(Or alternatively, you can go to a conference and pitch an agent in the flesh. Go here for a list of conferences: Writing Conferences )
Before you send your query, you need to do a little research. Does the agent accept your genre? Does the agent have a track record? Does the agent clearly describe his or her submission requirements? And when the agent starts describing what it is he or she wants, what on earth are they talking about?
Agents, like publishers, use jargon - it's one of the hazards of the trade. But as an author, you may have no idea what they mean by "high concept," "upmarket," "literary." Speaking reasonably, your job is to write your book; theirs is to find a niche for it. Unf, writers are also expected to define not only their genre, and their audience, but also their market niche, which is something they may know nothing about.
It's never too late to learn!
Here are some terms you may run across on agent bios when they describe what it is they are looking for.
High Concept means the book can be made into a movie. In general books that fall into this category have a single premise ("what if..."), clear story lines, are highly visual, appeal to a mass audience, and have a well-defined emotional focus that fits into a movie category (Family comedy? Drama? Romcom?). If you can sum up your book in one sentence, you may have written a high-concept novel.
Up-market fiction is any novel that has mass appeal and is also well-written. Memoirs of a Geisha falls into that category. These are books you want to keep. Frequently, non-genre fiction may be used to mean up-market.
Commercial fiction is entertaining, has a plot that moves right along, and may or may not feature writing that makes you cringe. The Stephanie Plum mysteries would fall into that category, as well as most popular mass market paperbacks. (Romances, in particular.) These are books you read in a dentist's office, because you found them there, and which you will probably leave in the waiting room after your teeth have been nicely polished. Most genre fiction is commercial.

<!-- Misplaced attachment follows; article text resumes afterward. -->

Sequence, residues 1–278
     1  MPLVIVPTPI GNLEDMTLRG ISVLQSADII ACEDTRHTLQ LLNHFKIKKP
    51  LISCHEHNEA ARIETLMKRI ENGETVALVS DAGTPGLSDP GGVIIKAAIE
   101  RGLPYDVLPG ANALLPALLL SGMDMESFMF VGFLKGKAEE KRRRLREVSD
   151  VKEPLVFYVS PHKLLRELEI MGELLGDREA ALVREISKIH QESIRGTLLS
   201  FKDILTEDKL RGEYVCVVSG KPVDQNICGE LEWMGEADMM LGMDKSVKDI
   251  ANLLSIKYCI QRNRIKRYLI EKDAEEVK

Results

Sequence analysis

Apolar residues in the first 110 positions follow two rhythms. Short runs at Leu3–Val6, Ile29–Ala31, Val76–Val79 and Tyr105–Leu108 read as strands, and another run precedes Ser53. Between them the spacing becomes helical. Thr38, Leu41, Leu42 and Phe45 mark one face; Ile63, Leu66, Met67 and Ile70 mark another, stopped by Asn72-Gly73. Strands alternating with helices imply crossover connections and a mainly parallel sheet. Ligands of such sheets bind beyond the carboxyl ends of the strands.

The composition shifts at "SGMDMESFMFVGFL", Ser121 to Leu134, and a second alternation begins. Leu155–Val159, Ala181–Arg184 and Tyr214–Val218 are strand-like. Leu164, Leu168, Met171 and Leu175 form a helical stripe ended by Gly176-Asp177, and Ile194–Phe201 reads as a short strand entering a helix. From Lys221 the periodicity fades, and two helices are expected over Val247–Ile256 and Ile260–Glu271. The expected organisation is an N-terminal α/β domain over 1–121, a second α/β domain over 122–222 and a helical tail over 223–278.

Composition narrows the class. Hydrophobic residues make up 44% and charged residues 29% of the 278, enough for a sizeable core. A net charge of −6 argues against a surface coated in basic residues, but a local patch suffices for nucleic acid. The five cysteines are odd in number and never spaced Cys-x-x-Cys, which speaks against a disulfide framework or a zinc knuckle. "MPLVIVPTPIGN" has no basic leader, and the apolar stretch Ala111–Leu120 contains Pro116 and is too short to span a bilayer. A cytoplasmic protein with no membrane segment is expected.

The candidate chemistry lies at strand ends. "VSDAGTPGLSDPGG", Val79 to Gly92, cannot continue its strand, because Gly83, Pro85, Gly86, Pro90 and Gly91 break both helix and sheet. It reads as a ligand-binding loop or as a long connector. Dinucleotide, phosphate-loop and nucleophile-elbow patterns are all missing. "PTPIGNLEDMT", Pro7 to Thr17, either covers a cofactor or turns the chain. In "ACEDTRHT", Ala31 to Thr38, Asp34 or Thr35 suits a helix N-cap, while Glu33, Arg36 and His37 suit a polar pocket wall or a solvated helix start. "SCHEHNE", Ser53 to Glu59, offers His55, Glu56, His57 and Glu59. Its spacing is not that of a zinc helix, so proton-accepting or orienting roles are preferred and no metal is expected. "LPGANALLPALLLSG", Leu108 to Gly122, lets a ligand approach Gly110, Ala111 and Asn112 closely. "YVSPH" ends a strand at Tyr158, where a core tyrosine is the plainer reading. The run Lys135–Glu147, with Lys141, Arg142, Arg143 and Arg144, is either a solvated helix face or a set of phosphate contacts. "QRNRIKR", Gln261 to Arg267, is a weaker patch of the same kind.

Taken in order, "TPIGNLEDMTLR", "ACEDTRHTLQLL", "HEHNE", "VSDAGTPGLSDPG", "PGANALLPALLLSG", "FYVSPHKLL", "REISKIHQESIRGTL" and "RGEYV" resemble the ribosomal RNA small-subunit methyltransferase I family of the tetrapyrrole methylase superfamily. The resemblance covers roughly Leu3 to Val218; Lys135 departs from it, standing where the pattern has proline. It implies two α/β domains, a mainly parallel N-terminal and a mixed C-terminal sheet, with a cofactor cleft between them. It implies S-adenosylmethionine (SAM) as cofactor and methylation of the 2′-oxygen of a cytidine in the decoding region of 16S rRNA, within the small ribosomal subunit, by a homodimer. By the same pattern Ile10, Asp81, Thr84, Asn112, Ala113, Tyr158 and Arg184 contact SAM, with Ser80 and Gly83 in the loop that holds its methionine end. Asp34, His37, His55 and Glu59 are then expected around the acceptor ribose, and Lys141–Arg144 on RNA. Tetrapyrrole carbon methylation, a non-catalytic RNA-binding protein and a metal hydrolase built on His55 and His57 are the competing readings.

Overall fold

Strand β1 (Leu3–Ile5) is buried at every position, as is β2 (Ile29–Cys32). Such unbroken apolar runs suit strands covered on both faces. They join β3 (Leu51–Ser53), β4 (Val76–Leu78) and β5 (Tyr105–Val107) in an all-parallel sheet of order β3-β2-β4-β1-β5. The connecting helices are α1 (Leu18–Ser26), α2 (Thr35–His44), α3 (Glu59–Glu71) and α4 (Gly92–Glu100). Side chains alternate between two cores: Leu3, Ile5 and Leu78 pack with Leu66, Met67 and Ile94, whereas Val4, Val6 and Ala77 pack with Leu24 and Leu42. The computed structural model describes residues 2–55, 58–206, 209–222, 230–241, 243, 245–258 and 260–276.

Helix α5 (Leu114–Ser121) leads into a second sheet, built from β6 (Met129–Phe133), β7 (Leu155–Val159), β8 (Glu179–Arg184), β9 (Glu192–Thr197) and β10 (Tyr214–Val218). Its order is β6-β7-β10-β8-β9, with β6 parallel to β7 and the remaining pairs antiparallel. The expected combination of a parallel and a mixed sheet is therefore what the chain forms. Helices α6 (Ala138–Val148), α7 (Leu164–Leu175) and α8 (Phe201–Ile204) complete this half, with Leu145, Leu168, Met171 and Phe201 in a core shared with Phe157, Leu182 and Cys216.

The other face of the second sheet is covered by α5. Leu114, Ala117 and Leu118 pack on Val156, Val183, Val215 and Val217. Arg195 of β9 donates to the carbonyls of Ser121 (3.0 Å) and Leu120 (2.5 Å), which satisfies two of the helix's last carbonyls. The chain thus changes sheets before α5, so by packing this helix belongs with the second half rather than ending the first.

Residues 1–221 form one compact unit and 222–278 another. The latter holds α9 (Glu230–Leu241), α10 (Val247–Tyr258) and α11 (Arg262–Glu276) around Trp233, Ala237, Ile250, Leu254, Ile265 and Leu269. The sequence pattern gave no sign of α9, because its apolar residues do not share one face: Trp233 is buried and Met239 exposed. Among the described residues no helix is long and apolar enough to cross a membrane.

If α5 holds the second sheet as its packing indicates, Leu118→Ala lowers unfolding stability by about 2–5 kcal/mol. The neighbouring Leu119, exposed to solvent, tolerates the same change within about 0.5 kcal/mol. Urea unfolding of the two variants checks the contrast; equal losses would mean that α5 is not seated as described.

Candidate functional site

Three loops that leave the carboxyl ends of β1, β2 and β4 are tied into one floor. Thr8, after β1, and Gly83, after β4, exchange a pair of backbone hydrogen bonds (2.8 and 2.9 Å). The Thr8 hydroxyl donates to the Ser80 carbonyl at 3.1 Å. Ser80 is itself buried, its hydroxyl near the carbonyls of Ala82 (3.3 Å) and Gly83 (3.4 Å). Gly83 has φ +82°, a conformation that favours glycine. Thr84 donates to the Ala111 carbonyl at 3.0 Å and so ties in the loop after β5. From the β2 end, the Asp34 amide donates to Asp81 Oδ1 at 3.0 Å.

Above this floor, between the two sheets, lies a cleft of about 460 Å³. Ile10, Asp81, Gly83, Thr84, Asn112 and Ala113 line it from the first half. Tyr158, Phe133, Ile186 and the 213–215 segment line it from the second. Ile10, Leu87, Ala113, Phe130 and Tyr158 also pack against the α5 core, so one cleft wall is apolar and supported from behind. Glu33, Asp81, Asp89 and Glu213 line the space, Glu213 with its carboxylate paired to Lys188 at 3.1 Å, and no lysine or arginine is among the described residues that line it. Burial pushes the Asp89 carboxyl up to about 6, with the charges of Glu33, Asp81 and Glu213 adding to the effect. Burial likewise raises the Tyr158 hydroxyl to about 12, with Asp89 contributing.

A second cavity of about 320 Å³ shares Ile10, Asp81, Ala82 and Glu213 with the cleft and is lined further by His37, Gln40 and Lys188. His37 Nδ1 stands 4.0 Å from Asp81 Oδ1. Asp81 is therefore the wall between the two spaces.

Literary fiction is art. Almost every writer who has won a Nobel Prize fits into this category, as well as a few who should have but didn't. (Pretentious wannabes also fall into the category of literary fiction, but people often can't tell the difference.) In literary fiction, the way you tell a story is more important than what actually happens. (What exactly happened in White Noise?) The exploration of character, style, and theme is what moves these books along. If you are reading a book, and you have to stop because the prose is stunning, revelatory, or just plain deep (and you are not stoned) you are reading literary fiction. If you need a half hour to explain what's in your book, you may have written something literary.
Narrative non-fiction is any non-fiction book that reads like a novel. The Poet and the Murderer is a great narrative non-fiction book that tells the story of how ... no, I won't spoil it for you. You'll just have to read it.
Strong platforms are what agents representing general non-fiction like to see (though not necessarily narrative non-fiction). Are you the CEO of a Fortune 500 corporation? Have you been a quarterback in the NFL? Are you a surgeon doing experimental brain transplants at a famous hospital? Does everyone on the planet know who you are? Those are people who have strong platforms. If you have a few thousand followers on Twitter, or a blog with a couple thousand followers, or lots of "friends" on Facebook, you do not have a strong platform - although all those things are important to mention if you write any kind of fiction.
These articles will help you find an agent who is right for you:
How to Research an Agent
Beggars Can Be Choosers - How to Pick an Agent
Valuable Tips for Pitching to an Agent or Editor
Finding an Agent – Look before you leap
Are You Ready to Contact an Agent? Take This Short Quiz and Find Out
What Not to Do When Contacting an Agent